Nano-medicine is a micro-scale device that may soon be able to diagnose problems, and resolve those problems, by going into the body. It will be possible to create nano-medicines that have the potential to detect levels of chemical snake nutrients in the body in order to diagnose unhealthy conditions like cancer, and other diseases. In addition, these micro devices will be able to cure certain pathologies and in fact, may transport drugs across the body and deliver them into the target area. As a result, nano-medicines can have benefits on brain cancer therapy but it can cause neurodegenerative process damages.


Moreover, if it is used in the wrong way it may damage the body or make the body dependent on nano-medicine to survive. Most nano-medicines still need improvements and cost reduction in order to become affordable to everyone.


Conclusion


Summing up, new biomedical technologies can enhance our life and the way we approach health problems. However, they have many disadvantages, like the huge cost, that researches can solve to make these new technologies available for the vast majority of people.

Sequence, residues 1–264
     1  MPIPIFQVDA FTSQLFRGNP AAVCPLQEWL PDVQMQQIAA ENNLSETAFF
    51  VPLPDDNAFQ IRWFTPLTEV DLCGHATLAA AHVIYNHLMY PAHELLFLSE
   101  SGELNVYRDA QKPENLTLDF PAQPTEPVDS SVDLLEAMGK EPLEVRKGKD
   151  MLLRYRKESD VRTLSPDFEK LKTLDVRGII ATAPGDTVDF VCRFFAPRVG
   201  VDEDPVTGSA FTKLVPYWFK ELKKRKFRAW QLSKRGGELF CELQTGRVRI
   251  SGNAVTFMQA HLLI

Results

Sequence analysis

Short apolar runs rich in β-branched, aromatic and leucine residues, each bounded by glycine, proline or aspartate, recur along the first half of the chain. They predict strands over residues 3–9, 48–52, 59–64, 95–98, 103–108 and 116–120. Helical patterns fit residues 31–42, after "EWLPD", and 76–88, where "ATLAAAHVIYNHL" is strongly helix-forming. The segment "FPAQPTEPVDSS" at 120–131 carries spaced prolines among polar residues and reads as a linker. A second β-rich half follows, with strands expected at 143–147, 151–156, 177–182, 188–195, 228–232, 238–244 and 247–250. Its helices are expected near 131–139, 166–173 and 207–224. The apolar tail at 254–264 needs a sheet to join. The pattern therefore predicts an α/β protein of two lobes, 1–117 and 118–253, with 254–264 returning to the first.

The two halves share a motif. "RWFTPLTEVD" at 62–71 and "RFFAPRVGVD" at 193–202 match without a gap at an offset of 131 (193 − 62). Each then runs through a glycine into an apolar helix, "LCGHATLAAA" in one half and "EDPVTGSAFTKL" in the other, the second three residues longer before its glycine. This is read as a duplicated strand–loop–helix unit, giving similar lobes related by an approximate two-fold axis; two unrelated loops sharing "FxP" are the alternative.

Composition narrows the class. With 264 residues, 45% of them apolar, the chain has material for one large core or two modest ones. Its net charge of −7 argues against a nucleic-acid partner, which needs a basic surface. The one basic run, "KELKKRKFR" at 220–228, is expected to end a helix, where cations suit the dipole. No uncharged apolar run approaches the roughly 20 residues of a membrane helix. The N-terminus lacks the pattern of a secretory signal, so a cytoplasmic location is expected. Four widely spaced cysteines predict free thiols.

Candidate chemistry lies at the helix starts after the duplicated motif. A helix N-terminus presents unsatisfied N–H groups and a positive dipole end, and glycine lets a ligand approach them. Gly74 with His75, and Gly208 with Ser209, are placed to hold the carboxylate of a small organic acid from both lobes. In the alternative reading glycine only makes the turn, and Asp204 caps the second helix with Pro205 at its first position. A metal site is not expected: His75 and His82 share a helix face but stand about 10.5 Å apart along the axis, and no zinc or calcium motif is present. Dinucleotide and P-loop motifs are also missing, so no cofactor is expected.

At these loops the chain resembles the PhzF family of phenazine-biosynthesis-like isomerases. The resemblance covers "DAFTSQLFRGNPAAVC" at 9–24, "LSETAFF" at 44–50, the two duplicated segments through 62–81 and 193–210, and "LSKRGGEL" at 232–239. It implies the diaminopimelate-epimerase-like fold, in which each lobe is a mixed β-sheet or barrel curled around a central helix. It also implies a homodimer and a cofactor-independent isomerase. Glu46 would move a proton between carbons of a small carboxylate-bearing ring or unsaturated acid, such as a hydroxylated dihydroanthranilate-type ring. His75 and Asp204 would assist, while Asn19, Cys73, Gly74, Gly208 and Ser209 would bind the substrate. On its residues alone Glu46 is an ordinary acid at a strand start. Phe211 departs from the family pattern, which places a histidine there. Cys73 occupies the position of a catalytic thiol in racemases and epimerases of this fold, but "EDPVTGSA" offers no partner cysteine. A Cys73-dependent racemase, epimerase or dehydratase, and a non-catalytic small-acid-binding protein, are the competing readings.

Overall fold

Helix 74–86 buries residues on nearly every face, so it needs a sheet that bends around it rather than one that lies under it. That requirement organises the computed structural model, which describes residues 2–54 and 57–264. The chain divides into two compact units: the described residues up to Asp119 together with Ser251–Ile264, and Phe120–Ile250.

In the last 30 years, the biotechnology industry has attracted more than $300 billion in capital. Much of this investment has been based on the belief that biotech owns the potential to transform the healthcare industry. This science-based industry businesses would break down the wall between basic and applied science and produce a trove of new drugs. This, consequently, will generate huge profits and investors will be handsomely rewarded.


Despite the great profit generated by Amgen and Genentech, the biotech industry still looks like an emerging sector and most biotechnology firms don’t earn profits.


Moreover, pharmaceutical and biotechnology sales revenue increased from $534 billion to $775 billion between 2006 and 2015. Furthermore, 67% of drug companies increased their annual profit margins during the same period, up to 20 percent for some companies in certain years. The drug industry spending for research and development increased from $82 billion in 2008 to $89 billion in 2014.